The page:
If you only had a single word to describe what 2005 meant in the world of servers and storage, that word would be "virtualization." Announcements from IT vendors about what they were virtualizing or planned to virtualize were rife throughout the year.
Virtualization x86 server market leader VMware was active with new product releases and partnerships as well as opening up a portion of its software to third parties, all part of the company's grand plan to make its products ubiquitous. Meanwhile, XenSource became more of a serious competitor to VMware as it unwrapped both Xen 3.0, the latest version of its open-source virtualization software, as well as the beta version of what will be its first commercial product, XenOptimizer, a set of tools to simplify server virtualization.
While server virtualization is well entrenched largely thanks to the pioneering efforts of VMware, some vendors, including VMware's own parent EMC are moving more slowly into offering storage virtualization. So far, EMC's storage virtualization strategy has yet to fully gel. What is known is that it will involve Invista, its product for SAN (storage area network) virtualization, and the RainStorage network file virtualization technology EMC acquired through its purchase of Rainfinity.
EMC doesn't expect the storage virtualization market to really get going until late 2006 at the earliest, which differs from rival IBM's claims that many customers are already using its storage virtualization software TotalStorage SAN Volume Controller. IBM even appointed a vice president of virtualization in November to oversee the company's efforts in across-the-board virtualization. Expect more to come out of the storage virtualization partnership between IBM and Network Appliance next year.
Pricing decisions ahoy!
As we move into 2006, there's likely to be the same kind of hotly contested debate over the pricing of software for use on virtualized systems as there was throughout 2005 on how best to charge for applications running on dual-core servers. Dual-core servers have two processing cores on each CPU (central processing unit). In the end, the majority of software vendors in 2005 decided to charge per socket or processor on dual-core systems instead of per core, the glaring exception being Oracle, which opted for the rather torturous method of defining each core as 0.75 of a processor. It's unclear what pricing strategy software companies will adopt as the number of cores grows from dual-core to quad-core and beyond.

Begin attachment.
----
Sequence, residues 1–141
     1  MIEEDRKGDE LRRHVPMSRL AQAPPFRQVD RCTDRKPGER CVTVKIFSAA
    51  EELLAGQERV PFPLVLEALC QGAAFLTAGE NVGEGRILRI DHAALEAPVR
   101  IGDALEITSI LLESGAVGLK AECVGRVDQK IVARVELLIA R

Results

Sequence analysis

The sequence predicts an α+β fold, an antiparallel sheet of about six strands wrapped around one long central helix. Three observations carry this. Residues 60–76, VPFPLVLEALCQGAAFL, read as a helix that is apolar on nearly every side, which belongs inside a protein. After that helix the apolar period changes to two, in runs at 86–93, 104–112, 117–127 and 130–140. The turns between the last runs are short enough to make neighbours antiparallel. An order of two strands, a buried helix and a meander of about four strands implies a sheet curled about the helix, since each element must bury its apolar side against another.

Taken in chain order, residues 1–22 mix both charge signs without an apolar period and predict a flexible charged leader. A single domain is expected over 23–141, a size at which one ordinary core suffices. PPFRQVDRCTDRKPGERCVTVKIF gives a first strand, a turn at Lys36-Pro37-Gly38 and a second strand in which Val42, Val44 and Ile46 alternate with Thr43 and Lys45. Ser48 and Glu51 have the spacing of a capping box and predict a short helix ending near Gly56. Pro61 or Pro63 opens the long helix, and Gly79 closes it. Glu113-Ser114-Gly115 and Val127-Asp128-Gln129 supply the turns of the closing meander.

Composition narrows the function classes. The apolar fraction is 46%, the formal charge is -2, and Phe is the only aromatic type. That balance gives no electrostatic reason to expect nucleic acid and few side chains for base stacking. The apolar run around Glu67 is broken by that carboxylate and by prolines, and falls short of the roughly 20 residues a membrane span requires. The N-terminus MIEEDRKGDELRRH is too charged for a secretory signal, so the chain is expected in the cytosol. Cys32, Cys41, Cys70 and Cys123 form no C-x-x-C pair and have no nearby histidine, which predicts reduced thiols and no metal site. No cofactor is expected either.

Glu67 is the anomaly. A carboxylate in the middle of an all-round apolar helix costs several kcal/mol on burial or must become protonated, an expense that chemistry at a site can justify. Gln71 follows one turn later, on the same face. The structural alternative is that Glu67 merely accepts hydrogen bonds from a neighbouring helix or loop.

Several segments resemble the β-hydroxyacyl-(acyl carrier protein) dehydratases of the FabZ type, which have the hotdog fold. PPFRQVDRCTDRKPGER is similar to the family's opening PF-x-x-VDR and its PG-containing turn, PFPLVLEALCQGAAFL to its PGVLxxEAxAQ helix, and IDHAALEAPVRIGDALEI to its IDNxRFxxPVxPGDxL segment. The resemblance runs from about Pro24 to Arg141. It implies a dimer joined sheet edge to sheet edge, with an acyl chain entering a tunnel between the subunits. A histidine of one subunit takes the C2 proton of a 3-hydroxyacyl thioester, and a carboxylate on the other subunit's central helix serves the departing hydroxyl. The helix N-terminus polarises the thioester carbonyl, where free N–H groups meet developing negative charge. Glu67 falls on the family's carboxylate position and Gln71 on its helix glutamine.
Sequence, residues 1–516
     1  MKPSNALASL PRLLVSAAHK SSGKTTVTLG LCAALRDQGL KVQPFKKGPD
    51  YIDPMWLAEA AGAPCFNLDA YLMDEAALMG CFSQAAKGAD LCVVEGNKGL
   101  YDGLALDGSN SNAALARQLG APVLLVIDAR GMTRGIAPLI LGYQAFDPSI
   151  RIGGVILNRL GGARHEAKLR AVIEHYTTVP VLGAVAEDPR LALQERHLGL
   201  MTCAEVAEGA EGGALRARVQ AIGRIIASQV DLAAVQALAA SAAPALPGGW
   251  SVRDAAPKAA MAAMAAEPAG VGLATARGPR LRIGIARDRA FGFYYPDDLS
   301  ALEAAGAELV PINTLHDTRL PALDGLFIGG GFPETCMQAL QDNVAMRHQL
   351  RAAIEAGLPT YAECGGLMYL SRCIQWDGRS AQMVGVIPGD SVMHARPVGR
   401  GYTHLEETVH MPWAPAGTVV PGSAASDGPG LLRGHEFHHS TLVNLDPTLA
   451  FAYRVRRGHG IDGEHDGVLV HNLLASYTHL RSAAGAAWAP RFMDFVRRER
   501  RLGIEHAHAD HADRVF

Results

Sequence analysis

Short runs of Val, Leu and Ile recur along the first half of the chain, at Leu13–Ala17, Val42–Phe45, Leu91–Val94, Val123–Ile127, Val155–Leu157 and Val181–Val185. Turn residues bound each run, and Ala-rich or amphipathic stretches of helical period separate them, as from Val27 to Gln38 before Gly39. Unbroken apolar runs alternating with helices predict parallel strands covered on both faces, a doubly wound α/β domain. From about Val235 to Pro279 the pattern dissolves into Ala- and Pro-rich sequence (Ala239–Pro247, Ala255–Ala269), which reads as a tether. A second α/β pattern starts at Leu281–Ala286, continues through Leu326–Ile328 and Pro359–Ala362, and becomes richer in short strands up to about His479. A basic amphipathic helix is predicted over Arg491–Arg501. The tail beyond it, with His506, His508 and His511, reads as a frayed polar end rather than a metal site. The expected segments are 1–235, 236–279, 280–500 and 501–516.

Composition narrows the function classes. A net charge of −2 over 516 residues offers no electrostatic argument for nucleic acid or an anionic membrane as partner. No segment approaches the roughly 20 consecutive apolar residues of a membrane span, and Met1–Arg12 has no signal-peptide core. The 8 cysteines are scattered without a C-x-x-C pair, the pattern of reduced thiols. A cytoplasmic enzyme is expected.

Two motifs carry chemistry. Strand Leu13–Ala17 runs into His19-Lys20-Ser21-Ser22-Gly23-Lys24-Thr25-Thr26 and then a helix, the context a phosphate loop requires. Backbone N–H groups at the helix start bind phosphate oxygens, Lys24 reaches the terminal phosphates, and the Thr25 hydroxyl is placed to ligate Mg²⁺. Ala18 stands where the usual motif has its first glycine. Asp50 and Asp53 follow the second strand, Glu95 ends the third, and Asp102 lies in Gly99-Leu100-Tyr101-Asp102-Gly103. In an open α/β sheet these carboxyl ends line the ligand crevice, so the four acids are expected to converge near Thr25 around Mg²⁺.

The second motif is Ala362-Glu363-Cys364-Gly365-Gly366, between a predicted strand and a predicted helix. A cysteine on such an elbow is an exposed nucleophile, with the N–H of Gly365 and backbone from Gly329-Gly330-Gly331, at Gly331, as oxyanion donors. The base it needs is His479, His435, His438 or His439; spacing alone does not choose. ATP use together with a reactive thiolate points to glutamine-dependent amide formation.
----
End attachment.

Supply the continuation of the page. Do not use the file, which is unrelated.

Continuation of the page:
Multicore systems spreading
Dual-core servers based either on Intel's chips or those of its competitor Advanced Micro Devices (AMD) appeared over the course of 2005, Intel's dual-core Xeon playing catch-up to AMD's dual-Opteron processor. Vendors also began to commit to quad-core servers, but Sun Microsystems was the first major player to take the wraps off six-core and eight-core processors with the launch of its "Niagara" UltraSparc T1 chip. The company also touted the chip's low power consumption and its multithreaded capabilities.
You bought ... what?
Sun also wins the prize for the most surprising acquisition. While analysts were expecting the company to invest in a Linux distribution player, a database company or a services provider, Sun, among other purchases in the year, opted to buy Storage Technology (StorageTek) for US$4.1 billion. Sun's ultimate plans for its merged operation are likely to become clearer next year. The word from Sun executives suggests that the company will work to tie its authentication and identity management software into the StorageTek products.
I'm not dead -- I'm feeling a lot better
At the high-end of computing, the mainframe was once more invigorated. IBM unveiled its System z9, the first in a planned new family of big iron with a special focus on security and systems management, representing US$1.2 billion of development work over three years. At the same time, Big Blue and other IT vendors discussed the growing issue around who will tend the computer behemoths as experts in the field begin to retire. A number of initiatives were launched to encourage students to train on mainframes. Meanwhile, some mainframe professionals claimed such moves were more about producing a cheap pool of labor than anything else.